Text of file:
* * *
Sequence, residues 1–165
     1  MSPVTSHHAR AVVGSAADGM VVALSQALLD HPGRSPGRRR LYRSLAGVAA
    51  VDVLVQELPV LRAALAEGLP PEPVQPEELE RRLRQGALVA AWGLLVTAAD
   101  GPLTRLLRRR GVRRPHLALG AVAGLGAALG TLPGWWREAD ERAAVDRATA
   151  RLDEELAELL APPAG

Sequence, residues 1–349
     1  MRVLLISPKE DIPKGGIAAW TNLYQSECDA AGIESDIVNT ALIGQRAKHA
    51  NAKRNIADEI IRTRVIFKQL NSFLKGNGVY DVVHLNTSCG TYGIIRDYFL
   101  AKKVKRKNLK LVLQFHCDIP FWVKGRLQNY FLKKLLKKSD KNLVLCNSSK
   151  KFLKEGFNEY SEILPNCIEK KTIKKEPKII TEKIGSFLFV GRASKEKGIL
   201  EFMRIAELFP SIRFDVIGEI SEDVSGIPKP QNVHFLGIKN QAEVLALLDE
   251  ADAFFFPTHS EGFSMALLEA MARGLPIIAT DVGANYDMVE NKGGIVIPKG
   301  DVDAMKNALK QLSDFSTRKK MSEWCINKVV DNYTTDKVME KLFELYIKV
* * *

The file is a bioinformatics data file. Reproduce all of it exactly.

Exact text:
Sequence, residues 1–165
     1  MSPVTSHHAR AVVGSAADGM VVALSQALLD HPGRSPGRRR LYRSLAGVAA
    51  VDVLVQELPV LRAALAEGLP PEPVQPEELE RRLRQGALVA AWGLLVTAAD
   101  GPLTRLLRRR GVRRPHLALG AVAGLGAALG TLPGWWREAD ERAAVDRATA
   151  RLDEELAELL APPAG

Sequence, residues 1–349
     1  MRVLLISPKE DIPKGGIAAW TNLYQSECDA AGIESDIVNT ALIGQRAKHA
    51  NAKRNIADEI IRTRVIFKQL NSFLKGNGVY DVVHLNTSCG TYGIIRDYFL
   101  AKKVKRKNLK LVLQFHCDIP FWVKGRLQNY FLKKLLKKSD KNLVLCNSSK
   151  KFLKEGFNEY SEILPNCIEK KTIKKEPKII TEKIGSFLFV GRASKEKGIL
   201  EFMRIAELFP SIRFDVIGEI SEDVSGIPKP QNVHFLGIKN QAEVLALLDE
   251  ADAFFFPTHS EGFSMALLEA MARGLPIIAT DVGANYDMVE NKGGIVIPKG
   301  DVDAMKNALK QLSDFSTRKK MSEWCINKVV DNYTTDKVME KLFELYIKV